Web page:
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» How Do I Make Spanish Sangria?

How Did I Do It? > Food & Drink > How Do I Make Spanish Sangria?
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Sangria Myth #1 – Sangria is what everybody drinks in Spain right?

Actually, if you visit Spain don’t expect to see anybody other than tourists drinking Spanish Sangria in a Spanish Bar! Sangria is what you make when you have a big fiesta. Why, you ask? Because it’s a cheap way to get a lot of people inebriated!

Sangria Myth #2 – There is a secret recipe to make real Spanish sangria right?

Wrong again; there is no secret sangria recipe; the origin of this refreshment is that was traditionally made with basically whatever cheap red wine, brandy, whiskey, etc. was lying around and whatever half-rotten fruit the makers had on hand.

The mixture would then be sweetened with sugar and cinnamon typically in order to make it palatable. This is why you will actually find a lot of recipes that are believed to make the “perfect” sangria. In truth, there are many and the one you like most will vary based on personal taste!

Sangria Myth #3 – There must at least be a science to making great sangria right?

The truth is there’s no science in mixing great sangria; it’s really a matter of experimentation, how much you want to spend on alcohol and fruit, and how drunk you want your guests to be after drinking a few glasses of your punch!

Here is a basic 5-minute recipe you can follow to make what most people think of as traditional Spanish sangria:

Learn how to make Spanish sangria for your next party. Photo by {manda}.
Learn how to make Spanish sangria for your next party. Photo by {manda}.
Sangria Myth #1 – Sangria is what everybody drinks in Spain right?

Sangria Ingredients:

  • A bottle of cheap red wine … or 2 or 3 if you have a large enough party planned! Don’t worry if you can’t find authentic Rioja or another Spanish wine; any decent red table wine will work.
  • About the same amount of a lemon-lime sparkling drink such as 7up, Sprite, etc. The carbonation will help give your sangria a slight “fizziness”.
  • A smaller amount (say 25% of the amount of red wine) of a spirit such as brandy, whiskey or Cointreau.
  • A good quantity of your favorite fresh fruits … you can use peaches, apples, oranges, tangerines …. Even kiwis, bananas or plantains will infuse a nice flavor that could make your own “secret” sangria recipe a hit with party guests. This is why it’s best to try a few variations before your party. Or, you might even mix a few pitchers with different combinations and have a little taste test.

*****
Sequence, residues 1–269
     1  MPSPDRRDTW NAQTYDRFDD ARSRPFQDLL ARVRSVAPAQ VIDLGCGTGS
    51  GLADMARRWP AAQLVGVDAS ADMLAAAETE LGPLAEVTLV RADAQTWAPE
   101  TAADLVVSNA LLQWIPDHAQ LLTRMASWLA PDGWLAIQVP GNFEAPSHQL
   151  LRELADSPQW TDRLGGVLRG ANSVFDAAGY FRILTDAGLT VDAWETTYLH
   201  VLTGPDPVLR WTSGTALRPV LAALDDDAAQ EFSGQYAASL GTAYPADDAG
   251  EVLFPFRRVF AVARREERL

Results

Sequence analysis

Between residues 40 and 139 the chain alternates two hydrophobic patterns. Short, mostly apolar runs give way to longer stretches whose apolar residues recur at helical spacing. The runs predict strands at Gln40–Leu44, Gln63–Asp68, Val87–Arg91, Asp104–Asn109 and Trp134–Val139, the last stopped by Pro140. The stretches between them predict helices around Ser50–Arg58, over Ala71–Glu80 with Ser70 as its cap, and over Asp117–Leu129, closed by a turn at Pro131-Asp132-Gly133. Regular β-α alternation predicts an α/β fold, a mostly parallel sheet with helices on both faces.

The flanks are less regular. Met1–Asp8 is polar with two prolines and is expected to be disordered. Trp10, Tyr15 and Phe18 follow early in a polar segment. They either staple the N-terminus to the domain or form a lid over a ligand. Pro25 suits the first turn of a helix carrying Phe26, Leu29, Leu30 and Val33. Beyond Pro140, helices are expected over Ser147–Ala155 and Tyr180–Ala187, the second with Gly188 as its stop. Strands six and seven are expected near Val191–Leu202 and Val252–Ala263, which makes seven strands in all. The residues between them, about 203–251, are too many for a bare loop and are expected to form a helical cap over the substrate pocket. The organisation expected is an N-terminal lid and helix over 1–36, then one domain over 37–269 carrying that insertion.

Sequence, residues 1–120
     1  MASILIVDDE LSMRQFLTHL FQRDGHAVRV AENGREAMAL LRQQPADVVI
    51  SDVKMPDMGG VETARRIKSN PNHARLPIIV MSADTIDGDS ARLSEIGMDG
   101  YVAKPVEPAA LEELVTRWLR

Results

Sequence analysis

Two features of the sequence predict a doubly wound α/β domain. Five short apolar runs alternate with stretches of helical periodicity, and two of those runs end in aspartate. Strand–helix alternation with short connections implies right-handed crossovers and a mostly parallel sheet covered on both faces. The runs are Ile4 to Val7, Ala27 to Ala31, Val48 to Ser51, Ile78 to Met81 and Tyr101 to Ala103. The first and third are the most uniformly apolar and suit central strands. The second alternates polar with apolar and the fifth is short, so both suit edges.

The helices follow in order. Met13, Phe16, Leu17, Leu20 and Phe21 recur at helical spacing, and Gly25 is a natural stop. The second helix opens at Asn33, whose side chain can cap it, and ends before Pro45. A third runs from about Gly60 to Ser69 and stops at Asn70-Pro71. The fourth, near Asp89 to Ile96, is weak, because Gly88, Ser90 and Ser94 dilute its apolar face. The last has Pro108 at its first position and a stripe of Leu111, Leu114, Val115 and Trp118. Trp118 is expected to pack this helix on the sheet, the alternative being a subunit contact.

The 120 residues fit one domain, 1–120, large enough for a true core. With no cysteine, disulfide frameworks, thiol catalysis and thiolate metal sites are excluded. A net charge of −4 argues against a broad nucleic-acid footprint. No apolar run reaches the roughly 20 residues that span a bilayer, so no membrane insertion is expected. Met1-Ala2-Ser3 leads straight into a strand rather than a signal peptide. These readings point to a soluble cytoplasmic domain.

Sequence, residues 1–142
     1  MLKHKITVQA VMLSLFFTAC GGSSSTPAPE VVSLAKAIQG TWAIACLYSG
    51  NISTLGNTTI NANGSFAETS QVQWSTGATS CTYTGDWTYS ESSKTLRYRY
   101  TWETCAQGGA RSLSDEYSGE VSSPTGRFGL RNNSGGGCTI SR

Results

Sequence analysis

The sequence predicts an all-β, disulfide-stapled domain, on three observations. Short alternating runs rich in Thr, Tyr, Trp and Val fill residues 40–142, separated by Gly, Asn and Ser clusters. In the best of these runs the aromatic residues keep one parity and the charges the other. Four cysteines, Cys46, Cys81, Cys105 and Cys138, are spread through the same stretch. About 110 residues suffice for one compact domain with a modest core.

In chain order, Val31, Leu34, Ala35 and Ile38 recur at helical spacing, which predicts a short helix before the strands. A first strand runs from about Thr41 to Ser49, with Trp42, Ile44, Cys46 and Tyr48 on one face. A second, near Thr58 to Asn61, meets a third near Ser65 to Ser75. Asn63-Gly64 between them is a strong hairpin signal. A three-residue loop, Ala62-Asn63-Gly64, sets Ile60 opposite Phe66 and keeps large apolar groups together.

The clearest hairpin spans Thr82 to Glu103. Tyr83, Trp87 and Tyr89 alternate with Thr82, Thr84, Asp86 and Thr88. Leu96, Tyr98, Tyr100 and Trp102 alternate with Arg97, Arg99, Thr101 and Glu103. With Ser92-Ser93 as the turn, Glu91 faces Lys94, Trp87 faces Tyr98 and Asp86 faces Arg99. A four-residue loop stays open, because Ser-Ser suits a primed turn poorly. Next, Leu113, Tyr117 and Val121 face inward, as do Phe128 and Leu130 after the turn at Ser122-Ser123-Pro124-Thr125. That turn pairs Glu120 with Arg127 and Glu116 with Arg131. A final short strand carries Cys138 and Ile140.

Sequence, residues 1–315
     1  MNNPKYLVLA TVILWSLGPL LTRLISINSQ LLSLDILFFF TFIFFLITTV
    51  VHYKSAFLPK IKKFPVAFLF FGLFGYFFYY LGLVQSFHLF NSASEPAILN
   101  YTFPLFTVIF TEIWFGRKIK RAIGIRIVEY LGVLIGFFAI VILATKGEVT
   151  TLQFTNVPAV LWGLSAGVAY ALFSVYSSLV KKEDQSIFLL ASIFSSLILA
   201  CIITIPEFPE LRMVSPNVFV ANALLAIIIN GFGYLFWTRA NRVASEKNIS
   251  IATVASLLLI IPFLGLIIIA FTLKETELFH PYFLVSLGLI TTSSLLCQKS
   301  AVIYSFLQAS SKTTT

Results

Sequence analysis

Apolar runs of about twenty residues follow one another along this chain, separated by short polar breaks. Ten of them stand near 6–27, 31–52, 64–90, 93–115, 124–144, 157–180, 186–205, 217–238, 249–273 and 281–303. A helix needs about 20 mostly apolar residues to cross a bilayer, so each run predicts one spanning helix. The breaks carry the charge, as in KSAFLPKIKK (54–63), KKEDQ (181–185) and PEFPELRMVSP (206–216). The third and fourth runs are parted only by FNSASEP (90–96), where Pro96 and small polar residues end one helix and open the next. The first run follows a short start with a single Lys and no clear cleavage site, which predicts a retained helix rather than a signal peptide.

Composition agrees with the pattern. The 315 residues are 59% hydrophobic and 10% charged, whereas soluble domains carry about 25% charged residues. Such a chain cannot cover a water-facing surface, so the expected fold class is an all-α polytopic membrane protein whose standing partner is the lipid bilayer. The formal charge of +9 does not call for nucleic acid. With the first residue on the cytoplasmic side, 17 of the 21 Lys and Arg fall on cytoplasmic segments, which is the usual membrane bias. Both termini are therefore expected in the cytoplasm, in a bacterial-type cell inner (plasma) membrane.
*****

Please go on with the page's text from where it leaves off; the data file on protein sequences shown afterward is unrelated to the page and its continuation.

• Sugar and Cinnamon … add a little at a time until the sangria is sweet enough to your own taste; some people like it very sweet while others prefer a tangier zest!

How to Mix Spanish Sangria

  1. If you travel in Spain, one thing you’ll find is that red wine is very cheap. You can find Spanish red wine in most grocery or liquor stores. Don’t get the stuff in the carton, but don’t spend too much either, since you’ll be mixing it with all the other ingredients and would only be overspending. I like Rioja, which is very common and can be bought on the cheap!
  2. Chop up your fruit into bite-sized pieces; cut up more than you think you’ll need in case your guests are really thirsty and you end up mixing extra batches during your party! If you have time, you can pour a bit of the liquor you’re using over the fruit and let it soak overnight in the fridge. This adds flavor and also makes the fruit nice and soft; remember in the tradition of Spanish sangria, they would have been using overripe fruit you would probably throw out!
  3. Use a large punch bowl to mix your wine, liquor, fruit and lemon-lime drink together. If you wait until just before serving your sangria to mix everything, it will be a little fizzier than if you prepare it too far ahead of time.
  4. Add sugar sparingly; taste it. Add a little more sugar and sprinkle in cinnamon; repeat the sweetening process until the sangria is just sweet enough but not so sweet people will think its Kool-Aid; to me the best sangria is a taste bud teaser, with just the right mixture of sweet, tangy sour and bitter all together. Again, you have to experiment a little; as with so many great bartenders’ secret recipes; there really is no exact science in measuring ingredients to taste.
  5. Sangria should always be served chilled; pour your Spanish sangria over ice in a pitcher, serve it up and make sure nobody at your party plans to drive home after a few glasses; this is one of those beverages that can really “sneak up” on you!

Do you have your own secret recipe for Spanish Sangria? Leave your comments and share it with everybody.
 

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